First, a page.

Environmental factors: Water quality has been declining as a result of water salinity and water contamination. A decline in water levels, particularly in Shatt Al-Arab created by the confluence of the Tigris and Euphrates Rivers, has meant a greater levels of Gulf saline water mixing into the fresh water of the river. Increased water salinity in particular is a major contributing factor to desertification. Further, water contamination on a vast scale, caused by the diffusion of foreign objects on the river floor and the discharge of waste and untreated water into the rivers and lakes, reduces the potable water and causes public health hazards. The situation has reached such extremes that the people of southern Iraq are importing drinking water from UAE desalination plants.
Silt downstream: The Tigris and Euphrates carry large amounts of silt downstream. This silt is deposited in river channels, in canals, and on the flood plains. In Iraq, the soil has a high saline content and the flood water was needed to wash the soil and prepare it for the next planting season. However, the Water Ministry resources lack dredging equipment to clear the water channels.
Iraq also suspects that the neighboring countries are deliberately reducing the supply of water to undermine its agriculture and make it dependent on them for agricultural products, meat, and poultry. Iraq, historically the land of plenty, now must import much of what the country needs to feed its people.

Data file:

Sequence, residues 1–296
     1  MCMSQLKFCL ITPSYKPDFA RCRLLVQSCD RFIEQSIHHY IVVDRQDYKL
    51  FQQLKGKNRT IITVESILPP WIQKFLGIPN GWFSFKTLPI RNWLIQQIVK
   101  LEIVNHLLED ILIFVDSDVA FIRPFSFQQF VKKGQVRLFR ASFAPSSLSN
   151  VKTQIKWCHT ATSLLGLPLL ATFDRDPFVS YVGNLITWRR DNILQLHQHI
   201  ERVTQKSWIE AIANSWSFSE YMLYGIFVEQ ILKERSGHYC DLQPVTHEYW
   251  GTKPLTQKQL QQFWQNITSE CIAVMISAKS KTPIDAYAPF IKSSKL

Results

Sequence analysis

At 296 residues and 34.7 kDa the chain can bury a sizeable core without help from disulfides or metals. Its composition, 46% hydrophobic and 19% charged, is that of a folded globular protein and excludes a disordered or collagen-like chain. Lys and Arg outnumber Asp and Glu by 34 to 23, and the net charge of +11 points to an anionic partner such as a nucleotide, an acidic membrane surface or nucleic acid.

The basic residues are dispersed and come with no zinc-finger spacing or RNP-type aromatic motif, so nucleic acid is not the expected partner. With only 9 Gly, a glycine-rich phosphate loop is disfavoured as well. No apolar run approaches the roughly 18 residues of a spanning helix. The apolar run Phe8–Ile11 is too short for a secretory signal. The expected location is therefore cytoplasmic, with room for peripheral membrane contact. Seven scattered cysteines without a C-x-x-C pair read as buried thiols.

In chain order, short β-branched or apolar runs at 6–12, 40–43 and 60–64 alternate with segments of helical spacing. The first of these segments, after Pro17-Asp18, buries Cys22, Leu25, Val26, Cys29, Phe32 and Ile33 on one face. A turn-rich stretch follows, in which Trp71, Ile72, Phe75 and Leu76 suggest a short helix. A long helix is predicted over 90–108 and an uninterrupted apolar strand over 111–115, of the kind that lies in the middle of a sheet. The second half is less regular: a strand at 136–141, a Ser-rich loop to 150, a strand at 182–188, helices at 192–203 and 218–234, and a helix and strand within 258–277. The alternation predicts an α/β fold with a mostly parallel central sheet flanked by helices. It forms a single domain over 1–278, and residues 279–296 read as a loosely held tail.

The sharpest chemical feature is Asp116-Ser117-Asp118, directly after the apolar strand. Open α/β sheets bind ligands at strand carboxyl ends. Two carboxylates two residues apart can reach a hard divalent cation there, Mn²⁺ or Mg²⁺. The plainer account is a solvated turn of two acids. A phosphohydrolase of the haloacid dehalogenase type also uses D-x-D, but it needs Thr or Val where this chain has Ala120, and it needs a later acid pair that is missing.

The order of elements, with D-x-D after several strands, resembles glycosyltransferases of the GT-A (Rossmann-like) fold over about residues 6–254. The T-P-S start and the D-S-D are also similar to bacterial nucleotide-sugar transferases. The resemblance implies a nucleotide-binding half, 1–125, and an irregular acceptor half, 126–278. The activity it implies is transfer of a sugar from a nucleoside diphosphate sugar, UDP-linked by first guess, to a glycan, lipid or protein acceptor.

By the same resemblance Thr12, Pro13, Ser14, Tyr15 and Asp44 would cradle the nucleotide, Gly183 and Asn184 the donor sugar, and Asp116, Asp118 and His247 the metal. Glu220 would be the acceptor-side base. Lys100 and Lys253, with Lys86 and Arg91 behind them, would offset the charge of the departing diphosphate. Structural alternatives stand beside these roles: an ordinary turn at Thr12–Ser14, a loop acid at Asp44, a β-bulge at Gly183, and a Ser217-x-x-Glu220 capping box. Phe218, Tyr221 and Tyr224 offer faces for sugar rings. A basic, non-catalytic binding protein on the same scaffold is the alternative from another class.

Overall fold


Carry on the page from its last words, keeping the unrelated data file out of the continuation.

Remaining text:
Iraq's Growing Desertification
After years of neglect, declining water flows, and repeated frequencies of drought, large areas of Iraq, particularly in the southern region, are facing a serious problem of desertification. This phenomenon, according to the ministry of water resources, means the spread of sand dunes and changes in the weather, in addition to the reduction of natural grazing, the deterioration of water quality, and the increase of pollution. The head of the environment department in the Basra Province has estimated that 45% of the country has been substantially affected by desertification; other experts maintain that as much as 90% of Iraq has been afflicted to some extent.
Iraq's wars and the stationing of military units on agricultural land have added to desertification. It is known, for example, that during the eight-year war between Iraq and Iran, the sides exchanged artillery fire that destroyed two-thirds of the palm trees that provide both income to farmers and a protective natural barrier against the expansion of the desert. With water shortage and high salinity, many farmers have deserted their land, leaving it to be overwhelmed by thickets and wild grasses.
The desertification of Iraq has extended to the north of the country as well. In the province of Nineveh, villagers have deserted 70 villages in search of water because the sands have covered homes, roads, and land. One of the ironies of the situation is that these villagers are afraid to drill for water because in one instance the drilling brought out not water but close-to-the-surface natural gas which exploded, causing a fire that took several days to extinguish.